For those of you who don’t know, Iron Gold is the continuation of the highly acclaimed Red Rising trilogy, which has now become a saga; making this book the fourth installment in the Red Rising Saga. The story takes place ten years after the end of Morning Star and to tell you what the book is about—spoiler-free, of course—there’s really no better way than to let Pierce Brown himself explain it:
“Iron Gold is about the struggle to preserve liberty in a bleak landscape, where heroes of the past look suspiciously like villains and the inspiring dream of liberty has been hijacked by politicians, dirtied by social strife, and muddled by interest groups and competing factions.
How in such a world can good prevail? On the back of one man? Certainly not. It takes a village—a host of disparate people who, despite their conflicting views and disparate pasts, must band together to find their own purpose, to replenish the dream of liberty with their own sacrifices and come together for the common good…”
An important post-apocalyptic story that teaches us to always be kind, loyal, and hopeful.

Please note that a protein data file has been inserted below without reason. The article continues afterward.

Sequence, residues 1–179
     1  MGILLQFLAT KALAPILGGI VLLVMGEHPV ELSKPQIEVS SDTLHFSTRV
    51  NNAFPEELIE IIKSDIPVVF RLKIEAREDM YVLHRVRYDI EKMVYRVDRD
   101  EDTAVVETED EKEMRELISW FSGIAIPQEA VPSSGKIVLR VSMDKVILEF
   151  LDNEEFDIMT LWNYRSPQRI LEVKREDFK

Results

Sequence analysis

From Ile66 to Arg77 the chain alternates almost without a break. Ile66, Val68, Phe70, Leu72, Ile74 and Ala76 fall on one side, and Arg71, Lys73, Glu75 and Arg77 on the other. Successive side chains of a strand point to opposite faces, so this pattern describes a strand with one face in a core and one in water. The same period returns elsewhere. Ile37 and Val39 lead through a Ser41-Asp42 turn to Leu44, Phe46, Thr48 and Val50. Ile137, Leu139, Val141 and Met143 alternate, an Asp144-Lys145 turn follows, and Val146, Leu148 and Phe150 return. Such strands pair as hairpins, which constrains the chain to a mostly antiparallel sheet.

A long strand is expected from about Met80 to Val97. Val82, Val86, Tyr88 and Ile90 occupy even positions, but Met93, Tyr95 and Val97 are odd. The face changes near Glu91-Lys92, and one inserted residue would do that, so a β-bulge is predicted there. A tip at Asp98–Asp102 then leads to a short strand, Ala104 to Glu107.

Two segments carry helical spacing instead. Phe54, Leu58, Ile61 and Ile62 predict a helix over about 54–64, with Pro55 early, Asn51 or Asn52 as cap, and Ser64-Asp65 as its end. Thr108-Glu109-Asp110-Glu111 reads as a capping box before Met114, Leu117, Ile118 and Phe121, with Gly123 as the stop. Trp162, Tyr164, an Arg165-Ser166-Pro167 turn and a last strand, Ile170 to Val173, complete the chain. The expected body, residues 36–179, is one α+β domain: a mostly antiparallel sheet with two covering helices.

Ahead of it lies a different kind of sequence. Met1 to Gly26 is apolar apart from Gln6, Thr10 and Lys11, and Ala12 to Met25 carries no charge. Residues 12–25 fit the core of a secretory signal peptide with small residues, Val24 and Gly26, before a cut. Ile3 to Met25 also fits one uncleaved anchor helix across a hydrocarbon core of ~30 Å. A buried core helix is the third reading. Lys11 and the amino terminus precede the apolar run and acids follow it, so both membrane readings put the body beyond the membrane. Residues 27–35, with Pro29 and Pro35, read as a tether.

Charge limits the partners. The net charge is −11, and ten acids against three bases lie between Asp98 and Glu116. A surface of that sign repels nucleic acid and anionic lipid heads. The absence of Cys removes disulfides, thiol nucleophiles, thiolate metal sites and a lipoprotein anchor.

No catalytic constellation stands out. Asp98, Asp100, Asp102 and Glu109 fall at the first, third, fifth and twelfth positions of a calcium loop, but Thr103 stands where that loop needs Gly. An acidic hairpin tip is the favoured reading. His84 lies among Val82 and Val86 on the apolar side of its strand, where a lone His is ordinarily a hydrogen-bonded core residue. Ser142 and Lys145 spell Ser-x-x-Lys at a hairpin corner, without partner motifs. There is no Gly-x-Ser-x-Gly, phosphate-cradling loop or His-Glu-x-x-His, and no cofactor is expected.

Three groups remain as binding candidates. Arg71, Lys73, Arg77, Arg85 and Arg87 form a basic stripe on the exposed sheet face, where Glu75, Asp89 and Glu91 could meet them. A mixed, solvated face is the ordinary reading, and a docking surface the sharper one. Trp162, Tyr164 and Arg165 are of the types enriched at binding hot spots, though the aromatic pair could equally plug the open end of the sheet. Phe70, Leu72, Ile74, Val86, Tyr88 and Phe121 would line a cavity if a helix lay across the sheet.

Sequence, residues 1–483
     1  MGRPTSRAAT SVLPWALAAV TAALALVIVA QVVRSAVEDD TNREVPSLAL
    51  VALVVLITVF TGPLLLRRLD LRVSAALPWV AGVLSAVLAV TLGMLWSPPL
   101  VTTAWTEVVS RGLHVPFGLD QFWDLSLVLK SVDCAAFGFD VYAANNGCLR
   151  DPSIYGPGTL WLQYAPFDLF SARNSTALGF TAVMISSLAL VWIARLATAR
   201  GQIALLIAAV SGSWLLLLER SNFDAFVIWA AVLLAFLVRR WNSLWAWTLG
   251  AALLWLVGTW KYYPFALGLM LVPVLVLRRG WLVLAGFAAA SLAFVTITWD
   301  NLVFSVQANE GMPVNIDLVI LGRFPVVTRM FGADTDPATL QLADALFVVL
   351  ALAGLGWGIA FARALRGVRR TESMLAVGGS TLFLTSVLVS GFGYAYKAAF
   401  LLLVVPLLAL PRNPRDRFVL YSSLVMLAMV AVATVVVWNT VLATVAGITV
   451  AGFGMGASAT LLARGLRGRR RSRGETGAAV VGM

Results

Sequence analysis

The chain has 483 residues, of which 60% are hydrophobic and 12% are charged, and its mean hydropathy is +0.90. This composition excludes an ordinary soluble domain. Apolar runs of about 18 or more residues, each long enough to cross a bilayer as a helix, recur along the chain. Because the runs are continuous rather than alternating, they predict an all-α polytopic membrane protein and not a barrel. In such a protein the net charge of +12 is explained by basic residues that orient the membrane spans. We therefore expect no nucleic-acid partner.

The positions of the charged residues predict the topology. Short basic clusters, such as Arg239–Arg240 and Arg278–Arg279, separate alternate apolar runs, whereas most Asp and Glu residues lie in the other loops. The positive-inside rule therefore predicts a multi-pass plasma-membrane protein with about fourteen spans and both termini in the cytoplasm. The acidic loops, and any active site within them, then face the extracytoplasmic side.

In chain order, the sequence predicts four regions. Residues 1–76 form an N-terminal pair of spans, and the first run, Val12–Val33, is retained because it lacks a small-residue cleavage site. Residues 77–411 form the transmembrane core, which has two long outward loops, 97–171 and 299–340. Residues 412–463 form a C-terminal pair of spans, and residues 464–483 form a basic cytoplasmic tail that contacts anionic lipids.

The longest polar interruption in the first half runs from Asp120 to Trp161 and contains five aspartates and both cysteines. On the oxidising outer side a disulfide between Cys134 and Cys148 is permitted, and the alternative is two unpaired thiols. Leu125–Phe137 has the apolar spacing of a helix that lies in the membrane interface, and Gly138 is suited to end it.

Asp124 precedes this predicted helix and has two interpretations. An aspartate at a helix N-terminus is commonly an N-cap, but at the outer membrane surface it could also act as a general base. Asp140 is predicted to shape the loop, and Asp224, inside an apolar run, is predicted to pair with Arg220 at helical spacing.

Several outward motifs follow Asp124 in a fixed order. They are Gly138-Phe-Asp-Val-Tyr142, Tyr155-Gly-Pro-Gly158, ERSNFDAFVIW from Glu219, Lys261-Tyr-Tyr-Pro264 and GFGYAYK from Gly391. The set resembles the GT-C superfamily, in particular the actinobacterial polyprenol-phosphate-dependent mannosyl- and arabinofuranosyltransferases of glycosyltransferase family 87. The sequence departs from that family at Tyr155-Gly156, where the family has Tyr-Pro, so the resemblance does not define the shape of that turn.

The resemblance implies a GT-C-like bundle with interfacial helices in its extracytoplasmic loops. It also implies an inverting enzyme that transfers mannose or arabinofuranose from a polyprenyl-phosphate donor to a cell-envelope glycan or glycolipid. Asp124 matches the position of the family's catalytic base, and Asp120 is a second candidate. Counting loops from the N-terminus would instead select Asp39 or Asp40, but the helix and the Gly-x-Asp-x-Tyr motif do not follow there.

With countless books being published every single day, the cover art quality of a book published by an author I haven’t heard of is very crucial in grabbing my interest; that’s not exactly what happened with this book. Don’t get me wrong, the cover art is certainly pretty but what grabbed my attention immediately was something of a rarer occasion: the title of the book. After that, I heard that the novel is perfect for readers of Station Eleven and The Girl With All the Gifts, I haven’t read the latter but I’ve read and loved Station Eleven last year, and I just knew that I have to read this book as soon as I can. Plus, I find it adorable that there’s a warning on spoiler stated at the beginning or the back cover of the ARC. No need to worry, just like always, I’ll make sure to take extra care in my review to make sure it’s spoiler-free.
“And those that remain are still with us now, here at the end of the world. And there may be no law left except what you make of it, but if you steal my dog, you can at least expect me to come after you. If we’re not loyal to the things we love, what’s the point? That’s like not having a memory. That’s when we stop being human. That’s a kind of death, even if you keep breathing.”
A powerful and terrifyingly necessary novella; I sincerely hope that it’s not prophetic.
Gun violence and mass shooting, we’ve all heard about it; it has happened way too many times for the past couple of years. I’m not American, I never lose someone close to me to gun violence or mass shooting. Even then, I found that this book was dark, terrifying, and powerful because looking at the state of the world now, I can’t dispute the chance that Vigilance would never happen. I envision this book will be even more terrifying for American or anybody who has lost someone to gun violence or mass shooting. There’s a lot of violent and strong content here. Please remember, this is a work of fiction. Try to be open-minded and let it be a wakeup call instead. …